Estimating the optimal time to remove cattle from wheat pasture (if you have pasture to graze…) – First Hollow Stem Update

Amanda de Oliveira Silva, Small Grains Extension Specialist

The wheat growing season up to this point has been extremely tough. The forage situation has been a kick-in-the-knees again this year. Wheat “dusted in” emerged at least one month later than the ideal time to promote fall forage production. It was challenging to get a stand established with a cool November and limited rainfall since planting. As a result, many producers did not have the chance to graze or are grazing at a lower stocking rate.

If the predicted shower events occur, it could help to improve conditions in some areas. Still, most of Oklahoma, especially western OK, is under an extreme drought and needs significant rain. For the producers who have pasture to graze, leaving some leaf tissue after grazing will be important for having any chance of a decent grain crop. Ideally, there should be a minimum of 60% canopy coverage (measured from the Canopeo app) left to allow the crop to recover from grazing (PSS-2170). An additional two weeks of grazing past first hollow stem, when conditions are not ideal for plant regrowth and canopy recovery, could reduce wheat yield by approximately 60% relative to its potential (Figure 1).

Figure 1. Grazing past first hollow stem has been shown to reduce grain yield by as much as five percent per day or as little as one percent per day. Factors such as variety, grazing intensity, and environmental conditions will determine the actual yield penalty for grazing past first hollow stem. This figure shows the anticipated yield loss for grazing past first hollow stem given favorable (solid line), unfavorable (dashed line) and average (dotted line) conditions for wheat regrowth following grazing termination (PSS-2147).

The first hollow stem stage (FHS) indicates the beginning of stem elongation or just before the jointing stage. It is a good indicator of when producers should remove cattle from wheat pasture. This occurs when there is 1.5 cm (5/8”, or the diameter of a dime) of hollow stem below the developing grain head (Figure 2). This is the optimal period because it gives enough time for the crop to recover from grazing and rebuild the canopy. Also, the added cattle weight gains associated with grazing past the FHS are not enough to offset the value of the potential reduced grain yield (1-5% every day past FHS) (Figure 1). The wheat variety, severity of grazing, time when cattle are removed, and weather conditions after cattle removal determine how much grain yield potential might be reduced.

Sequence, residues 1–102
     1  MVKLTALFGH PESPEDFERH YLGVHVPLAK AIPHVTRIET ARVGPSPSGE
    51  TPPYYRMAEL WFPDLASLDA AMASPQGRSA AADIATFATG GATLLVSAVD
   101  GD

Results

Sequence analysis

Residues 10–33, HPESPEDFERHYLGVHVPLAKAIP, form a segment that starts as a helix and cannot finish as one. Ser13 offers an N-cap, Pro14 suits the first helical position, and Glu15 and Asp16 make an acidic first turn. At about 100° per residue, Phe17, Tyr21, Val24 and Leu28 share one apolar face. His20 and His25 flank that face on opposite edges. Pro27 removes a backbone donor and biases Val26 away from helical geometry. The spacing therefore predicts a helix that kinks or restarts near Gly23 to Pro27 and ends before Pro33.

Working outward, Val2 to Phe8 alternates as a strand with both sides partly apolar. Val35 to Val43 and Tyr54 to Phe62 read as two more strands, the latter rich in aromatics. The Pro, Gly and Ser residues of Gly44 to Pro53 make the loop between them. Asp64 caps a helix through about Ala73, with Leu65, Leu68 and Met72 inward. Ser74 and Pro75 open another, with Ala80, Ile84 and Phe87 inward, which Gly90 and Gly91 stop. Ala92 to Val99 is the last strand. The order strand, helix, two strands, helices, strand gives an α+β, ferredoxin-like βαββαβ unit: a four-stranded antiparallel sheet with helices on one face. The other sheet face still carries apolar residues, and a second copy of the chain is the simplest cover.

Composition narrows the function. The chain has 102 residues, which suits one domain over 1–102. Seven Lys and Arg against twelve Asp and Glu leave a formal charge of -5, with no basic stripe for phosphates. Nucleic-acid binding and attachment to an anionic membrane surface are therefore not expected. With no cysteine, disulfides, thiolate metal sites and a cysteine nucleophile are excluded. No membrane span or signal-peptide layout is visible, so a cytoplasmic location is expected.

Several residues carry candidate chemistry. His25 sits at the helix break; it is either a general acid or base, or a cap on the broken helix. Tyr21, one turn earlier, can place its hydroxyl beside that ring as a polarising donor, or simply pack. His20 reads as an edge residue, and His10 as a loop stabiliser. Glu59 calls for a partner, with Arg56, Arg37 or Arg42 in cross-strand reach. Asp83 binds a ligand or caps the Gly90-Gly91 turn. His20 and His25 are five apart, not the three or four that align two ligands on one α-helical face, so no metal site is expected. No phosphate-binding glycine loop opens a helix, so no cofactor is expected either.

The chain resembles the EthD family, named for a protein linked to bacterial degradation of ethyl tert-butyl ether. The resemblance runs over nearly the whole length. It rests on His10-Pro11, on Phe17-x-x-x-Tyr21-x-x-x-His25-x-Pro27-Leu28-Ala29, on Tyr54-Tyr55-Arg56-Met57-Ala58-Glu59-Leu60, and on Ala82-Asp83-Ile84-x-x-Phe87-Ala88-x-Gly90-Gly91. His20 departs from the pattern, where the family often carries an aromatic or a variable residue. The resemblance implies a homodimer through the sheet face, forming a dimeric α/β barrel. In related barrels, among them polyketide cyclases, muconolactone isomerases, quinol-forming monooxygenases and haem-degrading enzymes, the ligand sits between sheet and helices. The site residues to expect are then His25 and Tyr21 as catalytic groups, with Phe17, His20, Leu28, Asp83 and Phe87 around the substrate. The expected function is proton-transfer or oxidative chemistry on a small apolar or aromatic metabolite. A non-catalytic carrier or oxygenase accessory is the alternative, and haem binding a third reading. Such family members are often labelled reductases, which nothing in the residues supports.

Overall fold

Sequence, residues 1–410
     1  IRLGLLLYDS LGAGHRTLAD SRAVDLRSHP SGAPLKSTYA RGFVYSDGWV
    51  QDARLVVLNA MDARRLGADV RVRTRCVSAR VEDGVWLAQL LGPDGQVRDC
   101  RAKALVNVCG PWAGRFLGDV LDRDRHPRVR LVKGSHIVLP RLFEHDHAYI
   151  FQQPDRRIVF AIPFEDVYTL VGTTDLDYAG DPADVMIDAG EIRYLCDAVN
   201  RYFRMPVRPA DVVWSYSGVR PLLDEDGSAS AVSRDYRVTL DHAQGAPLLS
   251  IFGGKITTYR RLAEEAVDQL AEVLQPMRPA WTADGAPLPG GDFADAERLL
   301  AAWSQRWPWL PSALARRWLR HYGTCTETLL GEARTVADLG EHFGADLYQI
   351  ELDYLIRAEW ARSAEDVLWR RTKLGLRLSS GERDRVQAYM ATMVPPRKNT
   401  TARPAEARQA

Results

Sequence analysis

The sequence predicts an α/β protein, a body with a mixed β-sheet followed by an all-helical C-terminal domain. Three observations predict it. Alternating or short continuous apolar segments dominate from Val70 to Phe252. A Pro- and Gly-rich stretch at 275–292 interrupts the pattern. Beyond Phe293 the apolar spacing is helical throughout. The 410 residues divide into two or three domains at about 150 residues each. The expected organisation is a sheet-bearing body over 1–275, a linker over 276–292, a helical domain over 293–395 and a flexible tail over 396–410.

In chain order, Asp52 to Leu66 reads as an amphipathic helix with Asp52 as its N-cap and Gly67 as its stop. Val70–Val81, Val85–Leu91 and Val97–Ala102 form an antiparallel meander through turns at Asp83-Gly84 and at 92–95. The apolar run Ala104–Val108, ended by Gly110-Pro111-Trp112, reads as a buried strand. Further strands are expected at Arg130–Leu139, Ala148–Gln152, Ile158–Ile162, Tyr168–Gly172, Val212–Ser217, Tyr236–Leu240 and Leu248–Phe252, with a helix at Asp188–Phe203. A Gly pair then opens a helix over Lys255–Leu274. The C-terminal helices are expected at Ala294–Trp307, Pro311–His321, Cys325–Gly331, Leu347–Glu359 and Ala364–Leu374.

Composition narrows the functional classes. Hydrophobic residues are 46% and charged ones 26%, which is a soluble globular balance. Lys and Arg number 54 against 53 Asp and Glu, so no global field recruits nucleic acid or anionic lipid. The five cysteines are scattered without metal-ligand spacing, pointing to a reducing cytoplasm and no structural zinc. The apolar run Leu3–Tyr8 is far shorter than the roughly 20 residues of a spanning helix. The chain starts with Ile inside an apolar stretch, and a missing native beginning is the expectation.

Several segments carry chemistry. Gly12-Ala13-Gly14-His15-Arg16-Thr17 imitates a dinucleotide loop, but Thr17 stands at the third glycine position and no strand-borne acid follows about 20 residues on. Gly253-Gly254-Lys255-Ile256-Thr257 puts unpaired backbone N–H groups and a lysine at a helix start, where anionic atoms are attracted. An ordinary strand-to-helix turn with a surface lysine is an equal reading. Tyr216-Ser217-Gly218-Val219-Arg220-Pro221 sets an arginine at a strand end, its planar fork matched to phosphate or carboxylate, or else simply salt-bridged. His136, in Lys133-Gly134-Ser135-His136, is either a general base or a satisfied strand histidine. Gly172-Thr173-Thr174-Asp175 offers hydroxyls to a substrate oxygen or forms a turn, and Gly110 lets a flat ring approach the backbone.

Figure 2. The first hollow stem growth stage is reached when there is 1.5 cm of hollow stem (about the diameter of a dime) below the grain head.

Mesonet First Hollow Stem Advisor

Researchers at Oklahoma State University developed the Mesonet First Hollow Stem Advisor to help predict when FHS is nearing. This online tool uses soil temperature data to show the current probability of FHS occurrence and 1-week and 2-week projections. With this tool, producers can select their variety from a list of varieties that separates them into three FHS categories: early, middle, and late. Then, maps can be generated to provide the probability of FHS based on current conditions and the 1- and 2-week projections. Charts and tables can also be generated for individual Mesonet sites. Created maps have a color scheme to represent the probability of FHS occurrence. When using this tool, it is recommended to start scouting for FHS from a non-grazed part of the field once the 5% probability is reached (green color). Because stem elongation will begin moving quickly as the air temperature rises, starting your scouting at the 5% level will help give you the time it takes to make the cattle removal preparations by the time FHS occurs. We listed methods for scouting for FHS at the end of this post. For producers who do not want to scout, it is recommended to remove cattle when the 50% probability level is reached. A 50% probability level indicates that over an evaluated period (e.g., 10 years), FHS would have occurred by that date in 50% of those years (e.g., 5 years). The same interpretation is used for other probability levels.